• Criteria for when to shut down or isolate gas distribution systems and pressure test main and service lines
  • An alternate safe response, such as evacuation when reliable leak investigations are impossible due to wet weather or other circumstances


​Rail Association Calls on Members to Hold Employee Safety Briefings on Lessons Identified from Tragic Collision​

​The NTSB issues safety recommendations to those entities that can take action to prevent the recurrence of similar transportation accidents and incidents. A fast and effective method of reaching our affected audiences with a safety message is through their trade associations and professional societies.

In 2021, the NTSB issued a recommendation to the American Short Line and Regional Railroad Association (ASLRRA) asking it to share with its members the circumstances of a 2021 collision that killed a 19-year-old train conductor, who was riding on the rear platform of a train slowly backing down the tracks (also known as shoving).

When the conductor’s rail car entered a highway-railroad grade crossing, an 18-wheeler struck it, pinning the conductor between the train and the truck. The grade crossing had warning signs but no mechanical gates to prevent crossing. Our investigation found that the truck driver did not heed the warning signs and failed to stop when entering the grade crossing.

In response to our recommendation (R-23-021​), ASLRRA asked its members in its newsletter to read the details of the NTSB investigation report, review their procedures related to shoving movements, and communicate them to their employees in an upcoming safety briefing. In the news article, the association also highlighted to its members: “The NTSB recommends that railroads require ground protection at highway-railroad grade crossings equipped only with flashing lights or passive warning devices.” 

 The NTSB recently closed the ASLRRA recommendation and classified the association's publication of an article in its member newsletter as acceptable.

​​CSX Rai​lroad Trains Emergency Responders on Hidden Hazards to Reduce Risk 

In a 2017 train derailment in Hyndman, Pa., involving several rail cars containing hazardous materials, CSX railroad's emergency responders put their lives at risk by working perilously close to the derailment scene to hasten stabilization. 

NTSB's accident investigation discovered that emergency responders were unaware of a potentially hazardous bulge developing in the tank because the rail car's protective layer, known as a jacket, obscured the surface of the tank car's shell. The jacket is an eighth of an inch thick steel skin that wraps around the tank shell. 

In response to NTSB's safety recommendation (R-20-24), CSX revised its emergency responder training and outreach programs to incorporate lessons learned about jacketed tank cars from NTSB's investigation of the CSX train derailment. By 2025, rail tank cars carrying crude oil and ethanol will be required to be jacketed.

CSX also built a full-size model train called a Responder Incident Training (RIT) train to give emergency first responders hands-on experience with the safety features of jacketed tank cars.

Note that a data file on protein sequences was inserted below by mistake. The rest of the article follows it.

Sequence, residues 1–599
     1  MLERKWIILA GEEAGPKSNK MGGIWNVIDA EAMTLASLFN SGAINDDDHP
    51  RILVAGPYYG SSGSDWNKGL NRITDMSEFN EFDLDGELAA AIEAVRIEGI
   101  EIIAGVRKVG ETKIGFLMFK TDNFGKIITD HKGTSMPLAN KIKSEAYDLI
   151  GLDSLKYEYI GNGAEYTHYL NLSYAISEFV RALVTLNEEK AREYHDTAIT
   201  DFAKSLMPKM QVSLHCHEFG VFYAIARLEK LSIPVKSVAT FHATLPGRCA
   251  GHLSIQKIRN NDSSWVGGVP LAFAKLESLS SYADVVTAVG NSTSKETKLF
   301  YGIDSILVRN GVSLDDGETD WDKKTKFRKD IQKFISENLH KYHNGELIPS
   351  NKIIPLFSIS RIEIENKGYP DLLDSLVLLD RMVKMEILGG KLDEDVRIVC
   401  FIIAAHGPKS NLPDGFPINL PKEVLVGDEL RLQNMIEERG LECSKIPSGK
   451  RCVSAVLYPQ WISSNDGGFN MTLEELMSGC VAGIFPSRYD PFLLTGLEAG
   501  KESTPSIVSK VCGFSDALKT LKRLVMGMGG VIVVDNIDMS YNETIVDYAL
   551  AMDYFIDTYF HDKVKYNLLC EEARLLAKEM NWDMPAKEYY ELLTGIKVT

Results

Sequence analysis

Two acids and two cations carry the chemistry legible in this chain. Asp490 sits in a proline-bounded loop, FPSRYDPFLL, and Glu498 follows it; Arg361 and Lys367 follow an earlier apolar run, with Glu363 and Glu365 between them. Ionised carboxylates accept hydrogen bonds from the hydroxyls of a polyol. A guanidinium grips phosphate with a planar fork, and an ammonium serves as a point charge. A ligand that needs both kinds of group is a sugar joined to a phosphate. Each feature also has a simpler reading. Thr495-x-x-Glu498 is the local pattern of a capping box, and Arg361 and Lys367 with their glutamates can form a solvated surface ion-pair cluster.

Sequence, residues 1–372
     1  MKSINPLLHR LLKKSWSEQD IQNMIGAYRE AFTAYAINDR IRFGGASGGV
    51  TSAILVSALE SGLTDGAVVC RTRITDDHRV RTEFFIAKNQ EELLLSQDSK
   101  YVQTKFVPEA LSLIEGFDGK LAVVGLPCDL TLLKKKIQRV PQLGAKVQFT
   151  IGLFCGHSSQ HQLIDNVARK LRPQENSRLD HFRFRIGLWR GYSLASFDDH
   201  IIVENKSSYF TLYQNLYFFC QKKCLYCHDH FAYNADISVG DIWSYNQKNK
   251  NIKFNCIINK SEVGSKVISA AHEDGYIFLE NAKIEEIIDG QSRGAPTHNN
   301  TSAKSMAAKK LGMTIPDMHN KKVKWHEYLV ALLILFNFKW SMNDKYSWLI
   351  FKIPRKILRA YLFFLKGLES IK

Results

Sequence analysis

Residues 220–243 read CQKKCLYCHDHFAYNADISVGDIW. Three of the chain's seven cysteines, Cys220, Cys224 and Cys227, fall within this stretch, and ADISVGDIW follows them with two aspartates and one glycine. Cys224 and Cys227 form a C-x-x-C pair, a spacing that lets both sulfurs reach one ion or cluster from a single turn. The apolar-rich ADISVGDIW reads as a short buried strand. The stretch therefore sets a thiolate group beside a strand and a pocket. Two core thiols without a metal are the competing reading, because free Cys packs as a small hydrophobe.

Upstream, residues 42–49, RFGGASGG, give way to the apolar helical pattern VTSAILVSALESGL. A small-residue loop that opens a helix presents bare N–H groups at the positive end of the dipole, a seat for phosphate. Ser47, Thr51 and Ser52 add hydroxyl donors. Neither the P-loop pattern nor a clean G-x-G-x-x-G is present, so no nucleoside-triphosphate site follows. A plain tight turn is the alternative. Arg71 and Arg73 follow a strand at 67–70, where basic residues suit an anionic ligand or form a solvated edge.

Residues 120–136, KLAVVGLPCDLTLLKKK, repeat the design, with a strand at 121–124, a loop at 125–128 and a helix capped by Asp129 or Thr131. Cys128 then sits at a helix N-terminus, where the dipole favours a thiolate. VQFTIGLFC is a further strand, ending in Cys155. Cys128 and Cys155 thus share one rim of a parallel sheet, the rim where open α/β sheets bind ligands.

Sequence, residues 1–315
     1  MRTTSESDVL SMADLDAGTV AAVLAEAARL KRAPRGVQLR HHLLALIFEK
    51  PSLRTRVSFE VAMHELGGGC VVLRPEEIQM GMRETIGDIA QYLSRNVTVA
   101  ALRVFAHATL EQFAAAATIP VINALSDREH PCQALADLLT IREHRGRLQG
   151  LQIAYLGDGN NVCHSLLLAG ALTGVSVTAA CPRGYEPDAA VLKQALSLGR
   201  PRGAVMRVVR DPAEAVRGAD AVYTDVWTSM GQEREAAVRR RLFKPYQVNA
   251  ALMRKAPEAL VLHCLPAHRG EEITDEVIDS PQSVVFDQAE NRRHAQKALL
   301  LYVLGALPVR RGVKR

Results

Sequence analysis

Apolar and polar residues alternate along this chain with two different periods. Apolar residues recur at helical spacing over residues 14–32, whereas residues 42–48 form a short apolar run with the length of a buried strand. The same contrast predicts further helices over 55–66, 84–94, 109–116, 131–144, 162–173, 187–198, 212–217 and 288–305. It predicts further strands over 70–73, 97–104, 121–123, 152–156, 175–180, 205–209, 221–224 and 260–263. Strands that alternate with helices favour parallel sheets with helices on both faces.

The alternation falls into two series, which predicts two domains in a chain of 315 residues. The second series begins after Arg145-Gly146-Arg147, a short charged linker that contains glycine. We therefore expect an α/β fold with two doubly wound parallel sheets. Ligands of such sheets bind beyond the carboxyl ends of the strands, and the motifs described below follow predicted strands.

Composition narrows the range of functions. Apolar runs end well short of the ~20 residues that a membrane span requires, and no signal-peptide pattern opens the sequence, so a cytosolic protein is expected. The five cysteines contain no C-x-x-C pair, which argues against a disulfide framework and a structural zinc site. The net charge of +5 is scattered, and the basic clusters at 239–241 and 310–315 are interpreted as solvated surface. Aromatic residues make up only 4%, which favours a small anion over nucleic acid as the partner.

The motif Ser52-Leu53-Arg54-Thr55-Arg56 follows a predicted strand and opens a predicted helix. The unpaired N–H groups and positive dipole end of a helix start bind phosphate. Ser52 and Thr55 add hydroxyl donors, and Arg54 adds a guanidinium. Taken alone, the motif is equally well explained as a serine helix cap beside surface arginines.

After NTSB staff attended CSX's in-person and virtual training, the NTSB classified CSX's response to our safety recommendation as acceptable. While the in-person training is only available on CSX properties, the virtual Emergency Response to Rail Incidents (ERRI) training is free to the public on the Transportation Community Awareness Emergency Response's website.

Emergency response is an aspect the NTSB commonly assesses during its accident investigations. Recently, NTSB's investigation of the Feb. 3, 2023, Norfolk Southern train derailment and hazardous materials release in East Palestine, Ohio​, again highlighted the importance of effective emergency response.    ​

N​​YC Mass Transit Creates a System of Continuous Safety Improvement

Following the NTSB’s investigation of a series of accidents on New York City’s commuter and inner-city mass transit system, we issued several recommendations (R-14-66 thru -68) to the Metropolitan Transportation Authority (MTA) to identify and mitigate hazards across the city’s entire transit system. In response, the MTA created a safety council comprised of safety officers from each of the MTA’s railroads that meet each week to review safety data, trends, hazards, and mitigations. The council shares that information monthly with the MTA railroad presidents and board members. The forum enables the MTA to systematically evaluate deficiencies identified on one MTA property and apply the hazard mitigations to the others. We recently classified our recommendations to the MTA as Closed-Acceptable Action.   ​

WMATA Improves Operator Emergency Shutdown Training, Implements Recurring Ventilation System Testing

Our 2015 investigation of a WMATA Yellow line train that encountered heavy smoke while leaving the L’Enfant Plaza station heading toward the Potomac River Bridge identified issues with the train operator not correctly shutting the railcar ventilation system down to minimize smoke being pulled into an occupied WMATA car. We recommended WMATA train operators on emergency shutdown procedures and regularly test railcar ventilation systems. WMATA revised its operator training to ensure that operators can take needed emergency actions and implemented recurring testing of its railcar ventilation systems. (Safety Recommendations R-16-19 and R-16-20.)